Forze del Male
"Forze del Male" (Ita: "Forces of Evil") is a musical composition by Yoko Shimomura. It is used throughout the Kingdom Hearts series primarily as a boss battle theme against Ansem, Seeker of Darkness.
"Forze del Male" serves as a boss battle theme.
"Forze del Male" returns as a boss battle theme at the Keyblade Graveyard.
"Forze del Male" is approximately three minutes and thirty-eight seconds long and has a time signature of 4/4. In Kingdom Hearts, the piece starts with a brief introduction- roughly two measures- at a tempo of 88 beats per minute. However, after this brief introduction the piece instantly picks up tempo to 173 beats per minute. The piece maintains this presto tempo until the track's conclusion. In Kingdom Hearts III, the piece has an introduction tempo of 88 beats per minute. Following this, the tempo picks up to 172 beats per minute.
For instrumentation, the original game versions- Kingdom Hearts, Kingdom Hearts Final Mix, and Kingdom Hearts HD 1.5 ReMIX- use the same instruments, though for games not in the HD remake, some voices are covered through electronic means- such as synthesizer. In general, the instrumentation includes: a complete strings section- violin, viola, cello, and stringed bass, flute, trumpet, trombone, tuba, snare drum, bass drum, crash cymbals, timpani, organ, piano, synthesizer, and full chorus. However, in Kingdom Hearts III, the instrumentation slightly differs- likewise causing a change in arrangement. For Kingdom Hearts III, the instrumentation includes: a complete strings section, trumpet, French horn, trombone, tuba, snare drum, bass drum, crash cymbals, piano, and only a female choir.
Regardless of the game, the composition's name "Forces of Evil" is easily felt and understood. "Forze del Male" is heavily orchestrated and as such has a very thick texture. Being a greater boss theme, the instrumentation favors the brass and percussion families, with keyboard and string instruments providing support.
In Kingdom Hearts and Kingdom Hearts HD 1.5 ReMIX, the composition opens with a very brief introduction with female choir and organ before moving to a considerably faster tempo and shift in tone. Although barely three measures, this introduction strikes the listener hard with an ominous chordal structure played by bass clef instruments and female choir. The overlying organ melody is domineering and serves as a brief introduction to the force that awaits. At the drastic tempo increase, the organ's melody flows seamlessly to the actual looped part of the track- and the heart of the battle. In this looped section, each instrument is constantly playing in some fashion, thus creating a heavy and powerful atmosphere. The percussion section serves primarily as the rhythmic drive of the piece, reflecting the tension and intensity of the battle. Simultaneously are the introductions of a full treble and bass chorus, and unison chord progressions played by the bass clef strings and low brass instruments. The interrupting, sixteenth-note runs of the piano, flute, synthesizer add a unique level of excitement and severity to the piece. The minor trumpet feature that happens shortly into the piece teases as both a lighter, brief reprieve of the original theme, and as a way of transitioning back to the original looped section.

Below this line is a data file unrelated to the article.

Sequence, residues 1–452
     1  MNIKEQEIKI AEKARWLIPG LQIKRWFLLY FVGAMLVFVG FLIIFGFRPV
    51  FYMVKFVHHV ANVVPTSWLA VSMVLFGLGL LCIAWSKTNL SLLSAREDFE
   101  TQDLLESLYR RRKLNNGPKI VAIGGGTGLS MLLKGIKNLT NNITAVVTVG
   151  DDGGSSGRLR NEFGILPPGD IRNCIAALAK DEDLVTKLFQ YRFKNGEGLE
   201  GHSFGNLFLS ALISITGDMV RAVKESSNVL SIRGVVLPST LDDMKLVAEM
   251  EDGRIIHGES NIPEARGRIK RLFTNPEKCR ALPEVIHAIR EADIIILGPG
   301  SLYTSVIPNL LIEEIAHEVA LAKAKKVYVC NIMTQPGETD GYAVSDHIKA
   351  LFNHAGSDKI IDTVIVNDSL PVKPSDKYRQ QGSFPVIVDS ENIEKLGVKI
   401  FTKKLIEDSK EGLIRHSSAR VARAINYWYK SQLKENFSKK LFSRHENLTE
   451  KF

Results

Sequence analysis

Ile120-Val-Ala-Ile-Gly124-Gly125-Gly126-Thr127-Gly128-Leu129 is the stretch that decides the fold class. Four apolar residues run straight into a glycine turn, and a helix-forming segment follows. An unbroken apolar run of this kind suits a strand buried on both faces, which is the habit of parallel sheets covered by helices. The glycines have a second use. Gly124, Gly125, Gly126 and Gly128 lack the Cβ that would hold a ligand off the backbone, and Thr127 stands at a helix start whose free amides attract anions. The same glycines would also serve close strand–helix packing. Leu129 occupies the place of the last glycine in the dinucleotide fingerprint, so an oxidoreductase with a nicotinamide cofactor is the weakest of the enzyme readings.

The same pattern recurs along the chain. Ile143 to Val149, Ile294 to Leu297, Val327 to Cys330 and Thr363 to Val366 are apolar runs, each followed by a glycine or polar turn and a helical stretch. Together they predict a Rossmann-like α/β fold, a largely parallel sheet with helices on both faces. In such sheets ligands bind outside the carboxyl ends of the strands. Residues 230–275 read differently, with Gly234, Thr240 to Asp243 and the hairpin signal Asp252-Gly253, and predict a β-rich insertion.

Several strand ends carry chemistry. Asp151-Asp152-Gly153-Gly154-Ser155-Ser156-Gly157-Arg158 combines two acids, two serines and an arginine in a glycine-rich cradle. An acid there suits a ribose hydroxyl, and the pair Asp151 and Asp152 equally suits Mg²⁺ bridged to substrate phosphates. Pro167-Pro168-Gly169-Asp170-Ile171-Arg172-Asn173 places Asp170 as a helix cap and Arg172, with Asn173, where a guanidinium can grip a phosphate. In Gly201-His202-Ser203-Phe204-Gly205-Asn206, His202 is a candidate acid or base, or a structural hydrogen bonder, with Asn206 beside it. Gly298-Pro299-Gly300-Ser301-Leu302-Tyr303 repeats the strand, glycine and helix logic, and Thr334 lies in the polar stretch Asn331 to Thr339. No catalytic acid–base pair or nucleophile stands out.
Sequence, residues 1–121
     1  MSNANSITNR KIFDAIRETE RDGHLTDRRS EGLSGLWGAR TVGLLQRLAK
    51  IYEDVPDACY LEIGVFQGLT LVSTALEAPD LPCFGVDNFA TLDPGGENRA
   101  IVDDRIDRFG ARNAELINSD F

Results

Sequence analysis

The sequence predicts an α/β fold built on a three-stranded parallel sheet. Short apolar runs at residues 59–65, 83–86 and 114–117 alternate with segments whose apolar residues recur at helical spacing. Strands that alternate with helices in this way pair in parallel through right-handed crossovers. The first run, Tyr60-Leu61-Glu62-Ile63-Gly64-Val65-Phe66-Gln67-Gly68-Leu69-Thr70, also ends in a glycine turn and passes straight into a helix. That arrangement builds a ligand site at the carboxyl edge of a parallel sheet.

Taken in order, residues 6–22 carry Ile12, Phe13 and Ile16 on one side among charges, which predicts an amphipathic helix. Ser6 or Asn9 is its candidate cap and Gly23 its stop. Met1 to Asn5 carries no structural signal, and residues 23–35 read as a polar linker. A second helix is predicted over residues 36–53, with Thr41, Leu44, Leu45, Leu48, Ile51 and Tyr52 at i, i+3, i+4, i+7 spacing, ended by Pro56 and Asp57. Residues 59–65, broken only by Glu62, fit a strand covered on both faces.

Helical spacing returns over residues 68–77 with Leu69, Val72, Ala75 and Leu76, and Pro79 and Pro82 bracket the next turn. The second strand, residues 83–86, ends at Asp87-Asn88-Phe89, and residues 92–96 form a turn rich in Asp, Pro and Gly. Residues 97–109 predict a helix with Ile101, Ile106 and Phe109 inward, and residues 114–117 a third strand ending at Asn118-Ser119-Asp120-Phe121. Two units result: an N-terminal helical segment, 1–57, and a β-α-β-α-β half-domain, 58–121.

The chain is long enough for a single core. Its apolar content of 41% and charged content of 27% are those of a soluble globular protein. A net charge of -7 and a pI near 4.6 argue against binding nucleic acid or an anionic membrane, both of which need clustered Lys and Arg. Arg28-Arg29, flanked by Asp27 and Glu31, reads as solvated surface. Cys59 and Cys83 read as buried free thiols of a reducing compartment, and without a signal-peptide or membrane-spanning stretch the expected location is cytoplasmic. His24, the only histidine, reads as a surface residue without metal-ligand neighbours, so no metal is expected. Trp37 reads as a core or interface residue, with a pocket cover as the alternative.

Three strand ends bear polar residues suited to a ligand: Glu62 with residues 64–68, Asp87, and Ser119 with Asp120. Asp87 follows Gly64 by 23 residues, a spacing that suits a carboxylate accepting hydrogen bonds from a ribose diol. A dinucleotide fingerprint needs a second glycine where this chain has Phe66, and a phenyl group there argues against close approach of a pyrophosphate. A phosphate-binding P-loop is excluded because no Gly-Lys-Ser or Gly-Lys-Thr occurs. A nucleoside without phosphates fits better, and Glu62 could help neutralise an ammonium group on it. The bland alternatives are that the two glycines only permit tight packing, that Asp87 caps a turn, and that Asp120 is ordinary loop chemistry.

In Kingdom Hearts III, "Forze del Male" follows a slightly different interpretation. Rather than having the overpowering organ and bass clef/female choir accompaniment for the introduction, the player is instead hit with a wall of sound played in unison by the brass. Following this two measure introduction is the main looped theme. Similar to its Kingdom Hearts counterpart, the section played here is equally oppressive and heavy. The main difference, however, is the role each instrument plays. The trumpet, French horn, piano, and other minor interruptive flourishes or fanfares serve as a means of both energy and increased tension. The constant bass drum and bass clef instruments on the downbeats act as both the rhythmic foundation, but also as a constant reminder of the dire situation and surely approaching evil. The main melody is passed around the orchestra, each instrument providing its own interpretation and tone on the piece. The second following theme features less instrumentation: female voices, strings, snare drum, and softer chords played by trombones and other lower voices. This "lighter" theme feels like a brief breath of fresh air before returning to the original intensity of the first theme.